In all honesty, I find abstract – aka nonrepresentational – art to be the hardest to engage in. You have yourself a blank canvas and … what is it exactly you’re supposed to achieve by placing paint on it? Nonrepresentationally, that is.
I’m sure that there are as many answers to this just posed question as there are walks of life. I myself prefer that which I once heard many, many years back from an art aficionado – boisterously expressing his views on this matter to others – this while I was visiting the Los Angeles County Museum of Art. Here paraphrasing his opinion: Take any piece of abstract art and observe it for at least five minutes or so and, as you gaze, you will find yourself becoming affected – not by anything directly represented but, instead, by the emotive gut reactions you acquire (often more subconsciously than not) from the shapes, colors, and lines before you. In so affecting you, nonrepresentational art in fact does convey – and, in this sense, represent – something: an emotive state of being which is largely caught on canvas.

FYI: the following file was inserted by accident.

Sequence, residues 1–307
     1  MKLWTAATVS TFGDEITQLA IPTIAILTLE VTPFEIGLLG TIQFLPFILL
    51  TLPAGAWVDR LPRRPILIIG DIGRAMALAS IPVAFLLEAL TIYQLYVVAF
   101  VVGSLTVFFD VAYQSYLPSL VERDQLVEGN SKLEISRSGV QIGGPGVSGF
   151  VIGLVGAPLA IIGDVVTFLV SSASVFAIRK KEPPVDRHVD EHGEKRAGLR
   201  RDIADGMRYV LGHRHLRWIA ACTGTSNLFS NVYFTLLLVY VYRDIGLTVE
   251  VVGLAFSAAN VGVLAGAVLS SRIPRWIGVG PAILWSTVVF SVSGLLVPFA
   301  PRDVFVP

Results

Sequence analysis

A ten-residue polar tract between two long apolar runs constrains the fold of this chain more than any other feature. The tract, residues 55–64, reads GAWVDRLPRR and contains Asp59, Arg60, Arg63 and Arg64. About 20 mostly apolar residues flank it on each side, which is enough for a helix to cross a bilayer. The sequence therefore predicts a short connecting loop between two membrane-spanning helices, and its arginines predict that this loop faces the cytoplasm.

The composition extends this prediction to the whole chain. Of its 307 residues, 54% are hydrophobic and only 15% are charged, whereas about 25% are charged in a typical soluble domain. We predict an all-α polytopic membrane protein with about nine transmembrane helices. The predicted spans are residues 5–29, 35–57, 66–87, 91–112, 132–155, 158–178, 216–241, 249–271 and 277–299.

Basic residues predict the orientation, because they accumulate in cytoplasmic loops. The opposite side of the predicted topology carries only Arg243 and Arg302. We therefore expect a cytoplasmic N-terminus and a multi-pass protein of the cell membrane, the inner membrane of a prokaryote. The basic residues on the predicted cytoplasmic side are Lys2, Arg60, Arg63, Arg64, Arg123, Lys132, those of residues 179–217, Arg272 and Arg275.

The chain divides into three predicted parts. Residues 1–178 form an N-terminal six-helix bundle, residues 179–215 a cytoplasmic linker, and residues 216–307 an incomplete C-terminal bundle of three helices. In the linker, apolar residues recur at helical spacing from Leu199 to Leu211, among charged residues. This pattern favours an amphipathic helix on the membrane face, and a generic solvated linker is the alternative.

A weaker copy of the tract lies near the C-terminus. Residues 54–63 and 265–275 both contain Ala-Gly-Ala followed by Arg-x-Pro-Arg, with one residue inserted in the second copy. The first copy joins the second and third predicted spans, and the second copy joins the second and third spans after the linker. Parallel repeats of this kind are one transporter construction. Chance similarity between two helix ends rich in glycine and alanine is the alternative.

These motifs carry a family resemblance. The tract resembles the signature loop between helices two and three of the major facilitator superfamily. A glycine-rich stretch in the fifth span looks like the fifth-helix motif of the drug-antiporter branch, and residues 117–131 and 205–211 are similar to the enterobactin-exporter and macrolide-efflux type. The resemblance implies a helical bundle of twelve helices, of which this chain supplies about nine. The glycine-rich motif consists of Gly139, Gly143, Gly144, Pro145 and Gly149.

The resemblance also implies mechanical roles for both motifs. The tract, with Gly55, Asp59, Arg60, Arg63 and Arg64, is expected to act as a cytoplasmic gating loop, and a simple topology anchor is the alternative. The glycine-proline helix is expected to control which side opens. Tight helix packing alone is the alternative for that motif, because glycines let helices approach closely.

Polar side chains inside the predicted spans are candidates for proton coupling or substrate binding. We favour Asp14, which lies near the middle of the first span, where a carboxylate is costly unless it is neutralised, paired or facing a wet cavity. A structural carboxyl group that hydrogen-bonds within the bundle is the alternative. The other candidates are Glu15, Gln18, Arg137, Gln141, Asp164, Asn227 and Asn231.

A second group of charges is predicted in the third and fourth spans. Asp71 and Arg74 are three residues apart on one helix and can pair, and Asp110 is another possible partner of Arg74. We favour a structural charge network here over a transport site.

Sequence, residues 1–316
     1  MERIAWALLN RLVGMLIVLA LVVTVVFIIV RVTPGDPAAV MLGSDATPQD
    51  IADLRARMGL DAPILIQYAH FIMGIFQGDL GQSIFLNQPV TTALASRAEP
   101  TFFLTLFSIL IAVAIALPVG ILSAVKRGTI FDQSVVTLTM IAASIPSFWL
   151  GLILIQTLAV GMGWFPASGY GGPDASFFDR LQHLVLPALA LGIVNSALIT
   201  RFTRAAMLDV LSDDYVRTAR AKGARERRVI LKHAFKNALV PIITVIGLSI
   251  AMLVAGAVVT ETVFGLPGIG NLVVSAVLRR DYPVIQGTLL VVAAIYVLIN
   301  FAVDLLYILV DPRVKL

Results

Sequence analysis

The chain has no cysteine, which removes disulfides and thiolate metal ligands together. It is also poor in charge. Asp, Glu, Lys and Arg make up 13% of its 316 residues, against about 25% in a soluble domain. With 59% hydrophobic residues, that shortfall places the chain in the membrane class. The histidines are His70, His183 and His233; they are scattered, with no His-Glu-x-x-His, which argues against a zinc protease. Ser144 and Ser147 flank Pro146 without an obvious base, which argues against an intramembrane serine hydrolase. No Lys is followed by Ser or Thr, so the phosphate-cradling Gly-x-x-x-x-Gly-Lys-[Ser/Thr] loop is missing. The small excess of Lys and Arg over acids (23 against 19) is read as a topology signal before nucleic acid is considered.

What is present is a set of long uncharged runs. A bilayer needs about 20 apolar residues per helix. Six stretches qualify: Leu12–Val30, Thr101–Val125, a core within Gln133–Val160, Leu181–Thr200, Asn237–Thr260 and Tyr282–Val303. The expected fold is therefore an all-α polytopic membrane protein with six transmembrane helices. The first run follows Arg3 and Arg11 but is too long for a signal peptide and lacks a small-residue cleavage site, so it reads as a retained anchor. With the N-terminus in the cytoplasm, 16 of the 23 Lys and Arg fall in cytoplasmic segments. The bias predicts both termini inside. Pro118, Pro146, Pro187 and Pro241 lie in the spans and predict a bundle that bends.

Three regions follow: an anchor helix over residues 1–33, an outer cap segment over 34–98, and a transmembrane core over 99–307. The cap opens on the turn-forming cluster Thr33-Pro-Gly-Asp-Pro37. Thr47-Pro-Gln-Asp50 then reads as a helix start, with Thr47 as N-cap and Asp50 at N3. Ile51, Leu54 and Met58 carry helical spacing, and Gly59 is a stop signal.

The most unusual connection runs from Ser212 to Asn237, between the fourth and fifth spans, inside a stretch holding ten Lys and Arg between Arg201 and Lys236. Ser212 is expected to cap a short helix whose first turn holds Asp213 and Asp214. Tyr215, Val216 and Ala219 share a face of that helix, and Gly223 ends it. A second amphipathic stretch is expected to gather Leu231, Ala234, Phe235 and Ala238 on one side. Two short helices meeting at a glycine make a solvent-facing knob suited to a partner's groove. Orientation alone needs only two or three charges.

Now, while I classify this one painting as abstract art, I couldn’t help but imbibe into it a faint representation of a masquerade ball’s mask. Hence the title.
As to how it was made: The canvas was partly pulled off its bars, cut to the desired forms, covered with wood glue on the backside to maintain its shape, then oil painted. A hand built partial frame was then attached to the work to complete it – elevating the painting off the wall by a few inches and, in so doing, greatly adding to the sense of depth via the various shadows produced.
- Title: A Masquerade’s Momentum
- By: Michael W Moiceanu
- Size: 24.5″ width x 13.5″ height x 3.5″ depth
- Paints: Oils
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